Konami’s long-running Power Pros franchise – perhaps better known by its Japanese names PawaParu or Jikkyou Powerful Pro Yakyuu – has received Western releases in the past, but has generally remained exclusive to Asian territories over the years. The release of WBSC eBaseball: Power Pros is noteworthy because it’s available worldwide, then – and it also costs just £0.79/$0.99.

That’s not a typing error by the way: the game costs less than a dollar, and has no microtransactions either. Presumably this is because the publisher is trying to test the waters to see if the international market may be interested in a full release; whatever the reason behind the business decision, it’s a great arcade sports title that we’d recommend for the price.

Now there are very obvious compromises given the low price point: the series’ staple Success mode, which sees you take a rookie to the big leagues in an RPG-style life simulation setting, is missing – and in fact, there aren’t any real single player modes at all. You can play offline against the CPU and there’s a practice option, but outside of that, there’s not really much to do solo.

Where the title shines is in online competition, with rotating tournaments testing your team building skills and pitting you against the rest of the world. We’ve only played against Japanese players thus far, but the net code is surprisingly sturdy, and there’s some decent depth to the arcade action – despite its underlying accessibility.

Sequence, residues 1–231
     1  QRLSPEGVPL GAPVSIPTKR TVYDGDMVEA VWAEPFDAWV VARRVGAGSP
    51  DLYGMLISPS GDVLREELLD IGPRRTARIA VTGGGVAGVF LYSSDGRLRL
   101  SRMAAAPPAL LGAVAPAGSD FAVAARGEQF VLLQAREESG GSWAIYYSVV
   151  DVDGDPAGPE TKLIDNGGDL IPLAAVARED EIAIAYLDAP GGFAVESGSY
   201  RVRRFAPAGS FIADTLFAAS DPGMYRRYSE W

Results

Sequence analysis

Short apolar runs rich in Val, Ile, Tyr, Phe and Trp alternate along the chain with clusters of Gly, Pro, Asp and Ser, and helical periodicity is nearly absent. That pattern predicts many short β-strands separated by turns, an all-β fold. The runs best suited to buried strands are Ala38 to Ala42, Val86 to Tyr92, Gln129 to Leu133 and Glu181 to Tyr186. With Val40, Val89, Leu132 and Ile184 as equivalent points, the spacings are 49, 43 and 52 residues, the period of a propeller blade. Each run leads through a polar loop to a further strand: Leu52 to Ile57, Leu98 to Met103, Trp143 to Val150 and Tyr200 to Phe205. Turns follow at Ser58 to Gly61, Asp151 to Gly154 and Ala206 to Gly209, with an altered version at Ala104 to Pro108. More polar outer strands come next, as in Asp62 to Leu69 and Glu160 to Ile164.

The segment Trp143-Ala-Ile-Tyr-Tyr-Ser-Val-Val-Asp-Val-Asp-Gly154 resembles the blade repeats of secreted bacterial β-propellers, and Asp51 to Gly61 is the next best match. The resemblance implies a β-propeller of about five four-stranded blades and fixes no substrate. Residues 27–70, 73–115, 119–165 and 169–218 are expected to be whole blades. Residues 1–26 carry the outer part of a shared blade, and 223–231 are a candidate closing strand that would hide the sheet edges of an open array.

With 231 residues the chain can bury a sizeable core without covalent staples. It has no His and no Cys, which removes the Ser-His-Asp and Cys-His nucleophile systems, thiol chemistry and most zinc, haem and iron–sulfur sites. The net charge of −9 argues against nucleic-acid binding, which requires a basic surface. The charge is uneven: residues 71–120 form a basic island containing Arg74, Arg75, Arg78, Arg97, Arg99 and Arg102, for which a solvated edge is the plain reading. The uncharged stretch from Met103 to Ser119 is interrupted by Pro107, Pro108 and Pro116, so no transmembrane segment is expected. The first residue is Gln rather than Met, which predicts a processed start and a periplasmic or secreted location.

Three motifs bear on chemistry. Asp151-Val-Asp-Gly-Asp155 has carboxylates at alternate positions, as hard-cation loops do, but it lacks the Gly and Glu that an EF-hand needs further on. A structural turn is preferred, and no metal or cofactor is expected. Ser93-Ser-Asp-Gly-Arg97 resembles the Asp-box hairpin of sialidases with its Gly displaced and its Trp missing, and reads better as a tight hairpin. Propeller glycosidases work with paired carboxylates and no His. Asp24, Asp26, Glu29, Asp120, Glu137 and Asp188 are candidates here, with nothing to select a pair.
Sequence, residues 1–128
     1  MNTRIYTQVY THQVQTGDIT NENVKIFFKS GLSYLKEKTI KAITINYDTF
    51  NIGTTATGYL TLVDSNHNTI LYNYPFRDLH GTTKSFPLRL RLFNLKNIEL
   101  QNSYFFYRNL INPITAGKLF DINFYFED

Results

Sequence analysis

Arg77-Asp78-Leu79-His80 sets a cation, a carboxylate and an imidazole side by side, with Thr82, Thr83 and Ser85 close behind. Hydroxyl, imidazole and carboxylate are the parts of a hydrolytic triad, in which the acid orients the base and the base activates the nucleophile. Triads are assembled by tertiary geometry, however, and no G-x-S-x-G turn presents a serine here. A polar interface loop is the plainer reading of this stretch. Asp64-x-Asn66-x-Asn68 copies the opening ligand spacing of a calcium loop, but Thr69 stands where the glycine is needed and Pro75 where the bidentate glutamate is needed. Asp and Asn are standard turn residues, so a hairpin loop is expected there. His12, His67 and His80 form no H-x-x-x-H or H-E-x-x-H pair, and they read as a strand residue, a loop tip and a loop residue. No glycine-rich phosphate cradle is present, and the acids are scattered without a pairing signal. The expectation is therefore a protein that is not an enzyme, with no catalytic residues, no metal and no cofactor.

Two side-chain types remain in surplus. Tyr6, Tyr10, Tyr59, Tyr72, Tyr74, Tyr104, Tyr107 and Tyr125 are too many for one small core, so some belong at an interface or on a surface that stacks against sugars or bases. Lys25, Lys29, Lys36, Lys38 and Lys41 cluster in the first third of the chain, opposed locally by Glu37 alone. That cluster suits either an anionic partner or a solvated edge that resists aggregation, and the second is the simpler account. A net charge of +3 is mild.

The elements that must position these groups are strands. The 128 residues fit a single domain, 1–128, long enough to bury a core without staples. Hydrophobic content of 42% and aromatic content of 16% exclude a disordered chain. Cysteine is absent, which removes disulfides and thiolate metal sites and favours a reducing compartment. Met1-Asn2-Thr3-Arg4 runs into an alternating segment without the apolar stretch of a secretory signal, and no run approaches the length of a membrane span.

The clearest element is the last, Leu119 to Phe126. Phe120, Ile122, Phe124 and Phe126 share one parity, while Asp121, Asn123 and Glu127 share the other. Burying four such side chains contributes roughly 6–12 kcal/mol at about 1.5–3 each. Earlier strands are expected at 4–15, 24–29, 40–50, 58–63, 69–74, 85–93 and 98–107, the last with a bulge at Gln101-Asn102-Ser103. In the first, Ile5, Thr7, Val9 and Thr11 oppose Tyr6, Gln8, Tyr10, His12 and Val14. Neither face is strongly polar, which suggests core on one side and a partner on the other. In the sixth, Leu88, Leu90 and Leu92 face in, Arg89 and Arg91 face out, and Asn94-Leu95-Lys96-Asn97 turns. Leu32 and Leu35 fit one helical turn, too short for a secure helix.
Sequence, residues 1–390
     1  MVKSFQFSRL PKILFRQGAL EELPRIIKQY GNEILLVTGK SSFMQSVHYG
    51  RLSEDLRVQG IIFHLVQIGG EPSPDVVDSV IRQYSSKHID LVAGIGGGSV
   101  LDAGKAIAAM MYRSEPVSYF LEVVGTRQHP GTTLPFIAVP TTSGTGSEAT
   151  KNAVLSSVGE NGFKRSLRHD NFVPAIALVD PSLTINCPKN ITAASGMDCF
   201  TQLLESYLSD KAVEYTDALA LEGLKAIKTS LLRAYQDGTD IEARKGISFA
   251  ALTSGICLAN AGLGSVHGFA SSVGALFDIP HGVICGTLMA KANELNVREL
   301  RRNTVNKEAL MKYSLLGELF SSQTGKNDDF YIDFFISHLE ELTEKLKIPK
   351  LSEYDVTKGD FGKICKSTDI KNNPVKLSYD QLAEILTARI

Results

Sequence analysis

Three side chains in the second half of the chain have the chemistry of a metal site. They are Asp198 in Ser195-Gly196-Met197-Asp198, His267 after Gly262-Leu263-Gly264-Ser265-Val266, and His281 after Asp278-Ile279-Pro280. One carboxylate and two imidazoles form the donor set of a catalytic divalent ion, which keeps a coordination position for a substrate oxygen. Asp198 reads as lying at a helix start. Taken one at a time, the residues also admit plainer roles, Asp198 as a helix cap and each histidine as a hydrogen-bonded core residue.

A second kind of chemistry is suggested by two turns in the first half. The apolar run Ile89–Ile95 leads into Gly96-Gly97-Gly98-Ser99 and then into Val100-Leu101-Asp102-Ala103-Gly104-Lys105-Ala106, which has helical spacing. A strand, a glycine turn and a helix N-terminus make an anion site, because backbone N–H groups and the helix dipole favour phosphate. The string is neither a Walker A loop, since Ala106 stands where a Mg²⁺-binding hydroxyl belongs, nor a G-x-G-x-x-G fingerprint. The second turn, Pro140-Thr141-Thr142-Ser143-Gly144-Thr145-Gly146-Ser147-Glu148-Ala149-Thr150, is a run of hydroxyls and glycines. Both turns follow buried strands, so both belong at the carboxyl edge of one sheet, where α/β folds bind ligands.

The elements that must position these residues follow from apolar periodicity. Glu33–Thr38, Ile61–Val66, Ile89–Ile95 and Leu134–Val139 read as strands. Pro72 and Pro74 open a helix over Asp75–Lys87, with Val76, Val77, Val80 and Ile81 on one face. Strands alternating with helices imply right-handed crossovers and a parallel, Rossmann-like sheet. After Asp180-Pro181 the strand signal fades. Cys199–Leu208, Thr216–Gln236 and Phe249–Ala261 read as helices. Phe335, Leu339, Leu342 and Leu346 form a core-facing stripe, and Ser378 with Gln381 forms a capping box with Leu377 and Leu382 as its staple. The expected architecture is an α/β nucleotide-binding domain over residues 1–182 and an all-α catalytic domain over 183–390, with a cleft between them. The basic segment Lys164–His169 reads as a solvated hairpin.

As we alluded to above, you’ll need to assemble a roster from a pool of pre-made players, all of which have unique attributes and skills. Some cost more to add to your team than others, so you’ll need to make tough decisions about whether you opt for a fierce starting pitcher or a more rounded bullpen. Customisation is deep, too, allowing you to create uniforms, logos, and much more.

While it does feel quite scrappy, and you will have to spend a bit of time setting the title up to your tastes, we reckon this is a fair trade given the ridiculously low price point. There is local multiplayer if you want to play with family and friends, which extends to a nifty little tournament mode, too. So, if you’re in the mood for some multiplayer baseball, you really can’t go wrong here.